In Serein

1-5-1 Going Down

Part 5 – Headman’s Acre



Chapter 5/1 - Going Down

I sat on the windless plateau for a time, watching my knees bleed, and didn’t know what to do, or what to think. I wasn’t angry, I wasn’t anything, just stunned and totally at a loss for what to think at all. A movement in my peripheral vision caught my eyes, and I saw the procession of tiny insect villagers weave around the bend and into the shelter of the trees. They would be emerging from the upper end of the forest in a short time. I had to get the children out. Even if I didn’t believe still that he would  be able to kill me, I knew I had to get the children out and to safety. I called to Reyna and nearly instantly, she appeared at the doorway, the baby still firmly in her arms and the other children hanging on to her cloak. They all looked around themselves fearfully, and then began to rapidly scamper across the open plateau and towards me.

I got up, straightened my garment and picked up the small boy and the girl once more. They were a little less stiff this time and the boy actually put his arms around my neck.

Without a word having been spoken, I led the way down the steps and onto the steep pathway, making myself think of each single step I was taking, and the next one after that only, one at a time. We met the villagers as they were just about to leave the last remnants of the forest and before the path got really steep, a gaggle of about 20 men, of all ages, poorly dressed in the villager’s rags, most of them I recognised well enough, all of them petrified within an inch of their lives, all of them not wanting to go up to the monastery at all. They stared straight ahead with their fear rimmed eyes and hardly seemed to notice us, and so we stood aside and let them pass  in silence. In the last row, the same fear imprinted as in all of them, walked my own father, a small, sharp shouldered ragged man with bleached out hair and deeply lined sun burned skin. I found it hard to believe that he should have ever appeared so enormous and frightening to me. He walked by me and never even saw me standing there. It was as well.

A sound caught my attention and made me break off my watching of the straggly men’s progress up the hill towards the monastery. A way behind, an old man wearing a straw hat was driving a pony cart and trying to get the stubborn beast to move faster by repeatedly striking at it with a long piece of wood cut from a green tree. I stepped out into the middle of the trail and stopped him in his tracks.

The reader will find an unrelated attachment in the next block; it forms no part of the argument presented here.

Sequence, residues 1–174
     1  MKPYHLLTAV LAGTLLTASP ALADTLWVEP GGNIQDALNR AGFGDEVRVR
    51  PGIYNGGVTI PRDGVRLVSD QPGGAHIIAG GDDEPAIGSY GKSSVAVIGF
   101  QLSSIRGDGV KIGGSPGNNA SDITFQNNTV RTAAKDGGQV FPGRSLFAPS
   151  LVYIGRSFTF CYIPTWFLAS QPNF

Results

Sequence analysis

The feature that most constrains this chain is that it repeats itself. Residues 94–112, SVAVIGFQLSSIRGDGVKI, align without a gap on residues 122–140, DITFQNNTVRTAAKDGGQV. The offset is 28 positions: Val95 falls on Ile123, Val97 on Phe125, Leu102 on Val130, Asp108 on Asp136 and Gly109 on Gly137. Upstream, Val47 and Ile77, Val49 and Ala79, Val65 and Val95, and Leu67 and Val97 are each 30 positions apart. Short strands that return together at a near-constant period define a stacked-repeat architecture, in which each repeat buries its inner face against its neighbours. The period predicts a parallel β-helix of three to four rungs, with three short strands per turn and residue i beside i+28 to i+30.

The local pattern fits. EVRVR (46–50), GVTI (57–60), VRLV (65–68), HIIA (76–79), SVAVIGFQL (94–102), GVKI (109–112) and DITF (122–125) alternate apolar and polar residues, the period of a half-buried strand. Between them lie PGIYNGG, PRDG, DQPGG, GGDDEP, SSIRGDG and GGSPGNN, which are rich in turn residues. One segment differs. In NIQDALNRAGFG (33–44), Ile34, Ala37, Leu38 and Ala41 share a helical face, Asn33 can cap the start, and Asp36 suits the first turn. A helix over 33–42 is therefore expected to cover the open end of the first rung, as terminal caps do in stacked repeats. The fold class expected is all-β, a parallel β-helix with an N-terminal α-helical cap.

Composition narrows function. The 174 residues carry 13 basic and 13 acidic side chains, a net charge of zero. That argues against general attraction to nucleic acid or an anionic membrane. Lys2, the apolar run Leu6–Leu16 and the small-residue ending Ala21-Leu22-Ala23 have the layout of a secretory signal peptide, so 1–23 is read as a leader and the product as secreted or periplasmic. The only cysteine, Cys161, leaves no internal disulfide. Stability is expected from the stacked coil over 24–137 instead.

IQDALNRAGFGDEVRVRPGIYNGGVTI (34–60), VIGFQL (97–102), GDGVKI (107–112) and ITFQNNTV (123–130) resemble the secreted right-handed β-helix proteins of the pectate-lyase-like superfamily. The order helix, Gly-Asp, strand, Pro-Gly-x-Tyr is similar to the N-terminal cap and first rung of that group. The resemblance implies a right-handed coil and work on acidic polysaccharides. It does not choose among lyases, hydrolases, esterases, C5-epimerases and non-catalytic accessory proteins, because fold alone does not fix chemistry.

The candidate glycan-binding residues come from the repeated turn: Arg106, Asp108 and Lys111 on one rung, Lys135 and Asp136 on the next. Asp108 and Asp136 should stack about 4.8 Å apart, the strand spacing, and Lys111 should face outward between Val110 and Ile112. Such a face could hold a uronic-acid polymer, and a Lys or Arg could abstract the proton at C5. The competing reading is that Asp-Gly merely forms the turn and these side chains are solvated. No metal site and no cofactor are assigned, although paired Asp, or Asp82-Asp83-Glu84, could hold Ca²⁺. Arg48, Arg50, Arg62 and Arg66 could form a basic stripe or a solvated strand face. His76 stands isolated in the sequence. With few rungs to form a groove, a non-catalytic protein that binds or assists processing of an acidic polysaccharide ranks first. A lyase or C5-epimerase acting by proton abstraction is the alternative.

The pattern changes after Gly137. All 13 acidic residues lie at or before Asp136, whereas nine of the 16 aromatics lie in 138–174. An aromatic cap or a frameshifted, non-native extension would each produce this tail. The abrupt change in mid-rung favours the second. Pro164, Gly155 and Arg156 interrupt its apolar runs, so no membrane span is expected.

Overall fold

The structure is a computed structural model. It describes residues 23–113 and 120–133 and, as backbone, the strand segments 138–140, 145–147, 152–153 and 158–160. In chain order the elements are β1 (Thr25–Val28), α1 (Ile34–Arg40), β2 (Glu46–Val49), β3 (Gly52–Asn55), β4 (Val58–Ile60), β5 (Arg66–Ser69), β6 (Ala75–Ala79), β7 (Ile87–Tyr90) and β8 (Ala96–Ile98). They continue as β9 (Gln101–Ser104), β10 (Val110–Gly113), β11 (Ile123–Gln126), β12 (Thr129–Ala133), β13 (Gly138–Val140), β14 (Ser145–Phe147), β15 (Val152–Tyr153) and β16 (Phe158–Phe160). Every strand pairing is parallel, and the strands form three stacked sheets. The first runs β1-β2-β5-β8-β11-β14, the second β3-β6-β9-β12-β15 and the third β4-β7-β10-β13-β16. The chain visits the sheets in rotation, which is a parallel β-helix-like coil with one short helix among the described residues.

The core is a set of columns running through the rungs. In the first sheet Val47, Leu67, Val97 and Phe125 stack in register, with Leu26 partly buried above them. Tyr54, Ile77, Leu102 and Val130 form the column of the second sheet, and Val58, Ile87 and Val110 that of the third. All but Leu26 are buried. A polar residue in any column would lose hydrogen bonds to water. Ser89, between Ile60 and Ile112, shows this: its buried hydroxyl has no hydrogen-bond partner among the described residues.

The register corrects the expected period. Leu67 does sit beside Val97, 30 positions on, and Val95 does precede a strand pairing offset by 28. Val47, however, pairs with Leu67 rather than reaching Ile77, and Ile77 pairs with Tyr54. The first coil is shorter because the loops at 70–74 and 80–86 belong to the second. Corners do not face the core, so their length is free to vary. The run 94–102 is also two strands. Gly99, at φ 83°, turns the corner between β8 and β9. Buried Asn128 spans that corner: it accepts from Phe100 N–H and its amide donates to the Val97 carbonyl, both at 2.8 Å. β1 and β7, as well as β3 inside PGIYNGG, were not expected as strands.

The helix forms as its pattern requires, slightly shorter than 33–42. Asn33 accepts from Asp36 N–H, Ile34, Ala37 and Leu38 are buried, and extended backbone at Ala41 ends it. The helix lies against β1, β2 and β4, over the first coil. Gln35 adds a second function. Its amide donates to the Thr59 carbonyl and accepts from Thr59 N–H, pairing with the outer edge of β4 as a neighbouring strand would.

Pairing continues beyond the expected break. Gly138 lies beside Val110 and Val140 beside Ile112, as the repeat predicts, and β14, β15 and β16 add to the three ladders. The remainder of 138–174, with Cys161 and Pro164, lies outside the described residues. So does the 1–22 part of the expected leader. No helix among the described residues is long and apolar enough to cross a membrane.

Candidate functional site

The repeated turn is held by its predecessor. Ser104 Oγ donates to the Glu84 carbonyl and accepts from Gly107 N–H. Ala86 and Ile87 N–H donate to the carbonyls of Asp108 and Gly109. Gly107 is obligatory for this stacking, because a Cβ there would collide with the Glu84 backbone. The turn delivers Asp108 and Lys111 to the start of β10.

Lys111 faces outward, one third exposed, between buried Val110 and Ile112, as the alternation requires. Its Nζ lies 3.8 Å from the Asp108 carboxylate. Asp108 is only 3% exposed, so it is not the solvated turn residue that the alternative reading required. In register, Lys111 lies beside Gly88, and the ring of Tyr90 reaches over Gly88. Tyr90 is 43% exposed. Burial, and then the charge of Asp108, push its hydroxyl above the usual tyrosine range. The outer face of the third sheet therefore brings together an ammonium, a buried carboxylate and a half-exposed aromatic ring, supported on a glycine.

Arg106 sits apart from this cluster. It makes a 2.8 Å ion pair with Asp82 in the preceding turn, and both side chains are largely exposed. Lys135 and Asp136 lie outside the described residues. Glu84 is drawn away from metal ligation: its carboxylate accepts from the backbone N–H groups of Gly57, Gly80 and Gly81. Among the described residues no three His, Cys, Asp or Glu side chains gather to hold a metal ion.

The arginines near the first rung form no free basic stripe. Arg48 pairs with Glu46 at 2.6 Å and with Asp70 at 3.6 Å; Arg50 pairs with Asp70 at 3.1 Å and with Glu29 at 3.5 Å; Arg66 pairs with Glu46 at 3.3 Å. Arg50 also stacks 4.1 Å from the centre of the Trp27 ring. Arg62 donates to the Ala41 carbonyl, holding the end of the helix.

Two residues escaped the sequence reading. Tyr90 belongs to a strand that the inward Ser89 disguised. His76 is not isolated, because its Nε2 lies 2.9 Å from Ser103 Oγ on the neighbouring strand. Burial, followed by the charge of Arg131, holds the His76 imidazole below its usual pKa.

“I will have the cart. You are to take us down into the village,” I informed him, but inside his head was placed like a fresh brand Lucian’s command and instruction to make for the monastery post haste or else forfeit his life and the lives of everyone dear to him into the bargain. I didn’t want to touch anything that was of Lucian’s at this time but I wanted the cart more, so I reached inside him and erased the fire brand command as easily as you would wipe away a cobweb.

The man startled and came back to full awareness, looking around himself in a confused fashion and then looking at us with no little fear – even tiny children and a straggly woman in Serein blue could do that to a grown man.

“Take us to the village,” I instructed him again, more kindly this time, and the old man cracked a toothless smile, relieved that his moment of confusion had been replaced by a new clear set of instructions. He turned the cart around precariously and with much shouting and beating of the old roach backed pony, and I lifted all the children, one by one, into the back and finally joined him on the driver’s seat.

The pony was well pleased to be going downhill instead of up, and willingly set off at a brisk pace. I turned around for what reasons I don’t know, but the monastery was well out of sight. I shut out all thoughts then and kept my eyes and my mind on the pony’s flicking ears, all the way back down to the village where I had grown up.